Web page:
Tom Fordyce

Chief sports writer, BBC Sport

Analysis and opinion from our chief sports writer

About Tom

Tom is the BBC's chief sports writer.... Read more about Tom Fordyce

With cricket, rugby, athletics and tennis among the sports he covers, he provides insight and commentary into the characters, stories and big events that make the sporting world go round.

He has covered Olympic Games, World Championships, rugby World Cups and Ashes tours home and away, as well as the Ryder Cup and multiple Wimbledons.

Winner of Sports Blogger of the Year, he is an amateur sportsman of minimal note but was recently included in the UK Press Gazette's list of the top 50 UK sports journalists.

Bouchard leading 'quiet revolution'

1 July 2014

While Wimbledon stays aesthetically the same - dark purple and deep greens, picnics on the hill, dress codes and decorum - the women's game it hosts may be undergoing a quiet revolution.

On a rain-battered Monday afternoon, as many matches were washed away as made it through. But in the rapid advancement of 20-year-old Canadian Eugenie Bouchard on Centre Court you sensed you were seeing the sunlit future, just as some of the staples of the present may be becoming the past.

Read full article, Wimbledon 2014: Eugenie Bouchard leads a quiet revolution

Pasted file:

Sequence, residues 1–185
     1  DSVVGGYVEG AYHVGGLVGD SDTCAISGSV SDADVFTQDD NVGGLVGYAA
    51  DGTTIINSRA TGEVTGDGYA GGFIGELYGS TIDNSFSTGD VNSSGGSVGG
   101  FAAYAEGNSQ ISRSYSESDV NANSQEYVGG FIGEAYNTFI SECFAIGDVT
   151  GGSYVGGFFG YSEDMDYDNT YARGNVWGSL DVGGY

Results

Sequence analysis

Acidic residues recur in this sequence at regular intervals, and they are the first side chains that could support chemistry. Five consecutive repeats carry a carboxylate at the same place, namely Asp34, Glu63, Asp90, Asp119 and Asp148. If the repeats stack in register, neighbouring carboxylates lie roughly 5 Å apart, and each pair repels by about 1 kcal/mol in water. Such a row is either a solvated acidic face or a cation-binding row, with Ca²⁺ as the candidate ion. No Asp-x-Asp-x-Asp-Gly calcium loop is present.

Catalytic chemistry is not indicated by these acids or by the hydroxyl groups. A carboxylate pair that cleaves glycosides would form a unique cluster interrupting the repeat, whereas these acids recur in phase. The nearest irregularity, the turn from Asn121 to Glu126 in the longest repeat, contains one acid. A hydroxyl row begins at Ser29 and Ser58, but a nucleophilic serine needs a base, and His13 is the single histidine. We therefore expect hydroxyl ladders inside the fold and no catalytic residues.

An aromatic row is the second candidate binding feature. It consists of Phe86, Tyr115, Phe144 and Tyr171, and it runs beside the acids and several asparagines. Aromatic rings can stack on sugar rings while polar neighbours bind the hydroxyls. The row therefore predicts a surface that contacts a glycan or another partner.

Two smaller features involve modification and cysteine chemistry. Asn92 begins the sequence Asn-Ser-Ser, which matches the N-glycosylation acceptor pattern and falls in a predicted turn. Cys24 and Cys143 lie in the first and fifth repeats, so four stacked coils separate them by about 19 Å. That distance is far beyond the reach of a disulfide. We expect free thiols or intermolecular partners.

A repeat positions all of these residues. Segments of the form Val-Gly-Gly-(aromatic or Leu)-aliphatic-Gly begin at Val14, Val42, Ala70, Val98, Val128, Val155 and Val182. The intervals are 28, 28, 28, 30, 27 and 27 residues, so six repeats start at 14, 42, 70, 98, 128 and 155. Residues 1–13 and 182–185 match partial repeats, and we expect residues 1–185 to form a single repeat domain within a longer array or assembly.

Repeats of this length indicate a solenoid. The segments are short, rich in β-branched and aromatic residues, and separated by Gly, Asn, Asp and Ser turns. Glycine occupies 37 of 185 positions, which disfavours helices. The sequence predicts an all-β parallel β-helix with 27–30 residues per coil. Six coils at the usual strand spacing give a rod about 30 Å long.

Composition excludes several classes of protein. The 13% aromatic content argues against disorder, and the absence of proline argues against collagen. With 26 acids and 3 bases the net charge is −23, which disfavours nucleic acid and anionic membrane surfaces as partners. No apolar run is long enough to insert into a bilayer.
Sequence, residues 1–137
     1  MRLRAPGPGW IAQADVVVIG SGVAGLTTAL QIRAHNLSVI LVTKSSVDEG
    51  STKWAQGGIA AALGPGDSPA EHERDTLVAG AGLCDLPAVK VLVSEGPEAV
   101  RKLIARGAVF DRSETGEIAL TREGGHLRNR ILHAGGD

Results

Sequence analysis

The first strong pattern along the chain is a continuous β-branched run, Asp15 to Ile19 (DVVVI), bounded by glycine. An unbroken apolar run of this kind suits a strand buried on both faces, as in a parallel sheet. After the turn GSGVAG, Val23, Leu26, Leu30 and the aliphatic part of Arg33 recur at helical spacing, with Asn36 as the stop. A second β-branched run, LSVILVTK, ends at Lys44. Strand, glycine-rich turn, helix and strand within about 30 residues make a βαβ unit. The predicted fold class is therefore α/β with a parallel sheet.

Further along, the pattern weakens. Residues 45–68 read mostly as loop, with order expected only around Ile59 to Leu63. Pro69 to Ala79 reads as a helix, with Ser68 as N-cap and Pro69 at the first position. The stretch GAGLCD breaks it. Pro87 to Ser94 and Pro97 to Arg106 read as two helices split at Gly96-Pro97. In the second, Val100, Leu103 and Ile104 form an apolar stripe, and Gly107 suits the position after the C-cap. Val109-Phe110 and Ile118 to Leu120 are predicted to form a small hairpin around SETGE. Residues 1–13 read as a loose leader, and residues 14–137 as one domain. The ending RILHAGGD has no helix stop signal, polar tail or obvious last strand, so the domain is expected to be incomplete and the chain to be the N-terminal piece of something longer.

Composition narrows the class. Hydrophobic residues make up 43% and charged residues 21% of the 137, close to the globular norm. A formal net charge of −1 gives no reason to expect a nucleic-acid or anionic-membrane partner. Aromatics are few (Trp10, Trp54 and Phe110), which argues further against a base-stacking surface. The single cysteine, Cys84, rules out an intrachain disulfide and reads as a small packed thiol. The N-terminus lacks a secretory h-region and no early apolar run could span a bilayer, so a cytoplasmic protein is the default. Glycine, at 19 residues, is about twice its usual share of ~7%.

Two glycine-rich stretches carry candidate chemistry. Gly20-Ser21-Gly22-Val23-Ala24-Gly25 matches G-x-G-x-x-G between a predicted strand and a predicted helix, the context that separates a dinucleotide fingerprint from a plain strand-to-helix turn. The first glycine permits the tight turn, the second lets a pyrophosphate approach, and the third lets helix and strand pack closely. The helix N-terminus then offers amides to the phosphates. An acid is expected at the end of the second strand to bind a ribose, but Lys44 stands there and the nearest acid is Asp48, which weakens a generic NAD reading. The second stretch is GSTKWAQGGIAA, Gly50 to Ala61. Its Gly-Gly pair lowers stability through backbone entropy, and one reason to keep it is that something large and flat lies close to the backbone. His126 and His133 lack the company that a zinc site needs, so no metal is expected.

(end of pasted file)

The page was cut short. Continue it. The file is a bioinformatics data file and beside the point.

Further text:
Why superstars turn to super-coaches

29 June 2014

They have been called the super-coaches: the Grand Slam heroes of a generation ago, hauled away from the golf course and commentary box to adorn the entourage of today's ascendant stars.

Roger Federer has Stefan Edberg. Novak Djokovic has Boris Becker. Andy Murray, after Ivan Lendl, has turned to Amelie Mauresmo. It goes on: Kei Nishikori with Michael Chang, Marin Cilic and Goran Ivanisevic, Milos Raonic and Ivan Ljubicic.

Read full article, Wimbledon 2014: Grand Slam heroes become super-coaches

An Olympic 'nightmare' - and the long road back

28 June 2014

It is your home Olympics, the pinnacle of your sporting career, the definition of a once-in-a-lifetime moment.

A crowd of 80,000 has roared you into the stadium. You have been in such prime form that in your last competition, you beat the world record holder by three metres. And here you are, ready to strike for the summit, suddenly unable to perform your most routine yet essential physical task.

Read full article, Goldie Sayers: My London 2012 'nightmare' and the long road back

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